As a patient with cystic fibrosis (CF), Michael Twomey’s PhD research journey is a rather personal one.
Despite enjoying a successful career in the medical sector after graduating as a bio-chemist in 1995, Michael retained an ambition to return to UCC as a postgraduate student. He did computer science in 1999/2000 after which he joined an international IT consultancy company. In 2003 Michael set up his own technology company with two other graduates of UCC serving the IT needs of SME’s, large cooperates and many public-sector bodies in Ireland and Europe.
Michael’s determination is rooted in his desire to make the most of what he has rather than internalising the consequences of living with CF. He recently completed an MSc in Data Business in the IMI (UCC’s executive education school) which ignited his passion for learning and his appetite to give something back. Michael sold his successful business earlier last year before starting his PhD thesis Exploring Information Recall of mild to moderate CF patients/carers in a routine doctor’s appointment in May.
Leaning on his own experience, the CUBS PhD student is more than conscious of the fact that CF can result in augmented stress and anxiety for both the CF patient and carer. This stress often increases within the appointment setting and diminishes a patient’s cognitive abilities. Indeed, in a study conducted in 2015, 74% of patients found that recalling their medical history stressful.
This holds consequences for patients in an appointment setting, as they often recall inaccurate medical history which hampers accurate diagnosis and impedes decision making, potentially lead to misdiagnosis and incorrect treatment regimes.
In addition, CF patients also run the risk of failing to recall treatment information imparted to them by their doctor during the explanatory phase of a medical appointment. This has a direct impact on patient adherence to treatments and hence patient outcomes.
Consequently, much of Michael’s research is aimed at improving the patient/carer appointment experience and facilitating improved information recall resulting in better decisions, therapies and patient outcomes.
Having previously completed a degree in computer science, he initially believed that technology might potentially offer an immediate solution. However, through a combination of research and experience, Michael found that most digital applications tend to focus on the technology far to early instead of the patient and their behaviours.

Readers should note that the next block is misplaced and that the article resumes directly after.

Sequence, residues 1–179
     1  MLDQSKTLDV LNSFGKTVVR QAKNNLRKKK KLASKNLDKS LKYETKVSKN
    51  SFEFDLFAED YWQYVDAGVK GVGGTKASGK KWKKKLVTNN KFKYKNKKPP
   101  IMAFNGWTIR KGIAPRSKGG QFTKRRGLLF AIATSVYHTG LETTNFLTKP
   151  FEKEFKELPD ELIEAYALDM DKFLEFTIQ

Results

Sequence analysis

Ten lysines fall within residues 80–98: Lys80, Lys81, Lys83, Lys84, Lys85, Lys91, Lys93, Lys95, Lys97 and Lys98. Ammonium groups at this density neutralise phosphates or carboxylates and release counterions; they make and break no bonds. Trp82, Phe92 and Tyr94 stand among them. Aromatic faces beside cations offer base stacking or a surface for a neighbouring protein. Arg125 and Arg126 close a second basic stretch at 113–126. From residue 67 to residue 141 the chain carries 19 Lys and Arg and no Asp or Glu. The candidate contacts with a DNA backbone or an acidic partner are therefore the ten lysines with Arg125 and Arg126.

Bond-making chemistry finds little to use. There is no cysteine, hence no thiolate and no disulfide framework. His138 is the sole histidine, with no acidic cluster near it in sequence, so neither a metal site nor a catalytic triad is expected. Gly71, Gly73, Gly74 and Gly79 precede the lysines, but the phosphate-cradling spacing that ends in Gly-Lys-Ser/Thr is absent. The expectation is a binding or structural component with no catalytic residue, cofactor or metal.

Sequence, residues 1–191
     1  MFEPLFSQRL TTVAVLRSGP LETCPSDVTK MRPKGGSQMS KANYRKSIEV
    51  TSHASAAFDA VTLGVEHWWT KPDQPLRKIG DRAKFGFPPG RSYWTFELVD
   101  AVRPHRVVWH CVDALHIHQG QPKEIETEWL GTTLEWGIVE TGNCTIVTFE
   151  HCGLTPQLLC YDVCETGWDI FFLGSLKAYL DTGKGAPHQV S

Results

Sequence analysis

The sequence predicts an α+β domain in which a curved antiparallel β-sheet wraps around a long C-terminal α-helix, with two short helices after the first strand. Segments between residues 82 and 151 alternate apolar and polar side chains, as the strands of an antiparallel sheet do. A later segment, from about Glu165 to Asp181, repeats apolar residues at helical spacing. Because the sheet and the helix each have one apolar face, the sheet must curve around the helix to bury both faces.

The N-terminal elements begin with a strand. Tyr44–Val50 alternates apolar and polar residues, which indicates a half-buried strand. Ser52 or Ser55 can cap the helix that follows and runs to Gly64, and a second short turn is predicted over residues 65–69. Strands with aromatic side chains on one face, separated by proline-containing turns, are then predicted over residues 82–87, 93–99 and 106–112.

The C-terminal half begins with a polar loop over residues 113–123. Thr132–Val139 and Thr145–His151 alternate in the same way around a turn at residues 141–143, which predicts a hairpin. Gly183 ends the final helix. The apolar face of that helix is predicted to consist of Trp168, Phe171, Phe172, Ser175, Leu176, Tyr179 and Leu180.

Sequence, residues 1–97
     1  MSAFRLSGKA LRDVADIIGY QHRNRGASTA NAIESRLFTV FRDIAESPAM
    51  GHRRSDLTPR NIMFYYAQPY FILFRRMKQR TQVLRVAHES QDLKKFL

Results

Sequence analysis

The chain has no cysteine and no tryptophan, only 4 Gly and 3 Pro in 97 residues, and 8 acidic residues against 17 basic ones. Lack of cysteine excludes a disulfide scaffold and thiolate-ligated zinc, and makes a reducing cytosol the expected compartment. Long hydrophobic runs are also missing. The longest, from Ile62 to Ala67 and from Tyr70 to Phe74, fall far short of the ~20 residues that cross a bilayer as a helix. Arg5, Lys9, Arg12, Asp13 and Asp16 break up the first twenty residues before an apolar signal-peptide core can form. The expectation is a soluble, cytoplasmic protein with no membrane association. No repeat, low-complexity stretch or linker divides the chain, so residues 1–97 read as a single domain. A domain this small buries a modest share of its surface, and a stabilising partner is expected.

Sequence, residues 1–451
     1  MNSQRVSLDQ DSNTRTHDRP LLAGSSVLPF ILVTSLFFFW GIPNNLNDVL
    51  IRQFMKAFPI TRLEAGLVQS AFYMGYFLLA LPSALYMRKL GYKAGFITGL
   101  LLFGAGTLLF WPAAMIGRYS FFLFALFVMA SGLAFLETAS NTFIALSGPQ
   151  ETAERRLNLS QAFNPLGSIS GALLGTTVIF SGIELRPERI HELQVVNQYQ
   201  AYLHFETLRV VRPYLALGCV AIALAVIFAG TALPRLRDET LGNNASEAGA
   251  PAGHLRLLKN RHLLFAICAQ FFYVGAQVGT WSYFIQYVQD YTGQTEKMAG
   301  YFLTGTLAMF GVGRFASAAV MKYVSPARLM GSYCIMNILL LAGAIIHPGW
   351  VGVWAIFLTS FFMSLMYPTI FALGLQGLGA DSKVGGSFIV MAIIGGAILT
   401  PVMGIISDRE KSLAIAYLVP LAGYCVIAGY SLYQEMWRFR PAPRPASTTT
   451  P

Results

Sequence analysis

In turn, these apps develop solutions for what they perceive to be the problem rather than really understanding patient behaviours within context. This result in solutions that the patient is expected to shoehorn into and which inevitably results in disengagement from the application by the patient or carer.
Consequently, rather than relying on technology as a “silver bullet” or leaving clinicians manage their condition, Michael believes patients need to be key contributors within the decisions making process of solutions developed for them and need to become active participants in the management of their own condition.
Not only have studies shown this to result in better outcomes, but as CF affects people differently, clinicians need to get a 360o view in order to offer their patients the most effective treatment.
Therefore, through his research, Michael intends to develop a patient management system that enables CF sufferers capture their medical/health history accurately between appointments and record key information communicated by clinicians. He firmly believes that the days of relying on our memory as the sole agent for information recall needs to end.
Having already established a focus group, Michael is putting patients at the centre of his research and applying the experiences of fellow CF patients and carers to inform his study.
Although he may only be in the early stages of his research, Michael is already developing concepts which could benefit 1,200 CF patients in Ireland and a further 70,000 worldwide.
Michael anticipates creating a two-fold solution that will reduce stress for patients, increase empowerment, improve data quality and save time for clinicians.
In order to augment memory recall, Michael has used Design Science Research to create a Pretotype (a paper based prototype) in the form checklist which is colour coded that patients can fill in before and during clinical appointments. The structured and colour coded data will benefit patients and their carers in the days and weeks following appointments, allowing them to manage the disease with greater confidence. For his initial research Michael was awarded the Gartner award for innovation in 2017. He also received an awarded for his research at the 3rd European Technology Assessment Conference held in UCC in May 2017.
To document the period between appointments, Michael envisages developing a technical solution, where patients record their medical/health data on a device so as to provide clinicians with accurate information. This data could then be integrated to give insights on large patient group data thus far not available to clinicians.
If doctors had such information readily available, it would not only amplify their understanding of the disease it would also contribute to development of precision based medications and other treatments. The project’s potential is demonstrated by the fact that it is being funded by the Irish Research Council and Cystic Fibrosis Ireland.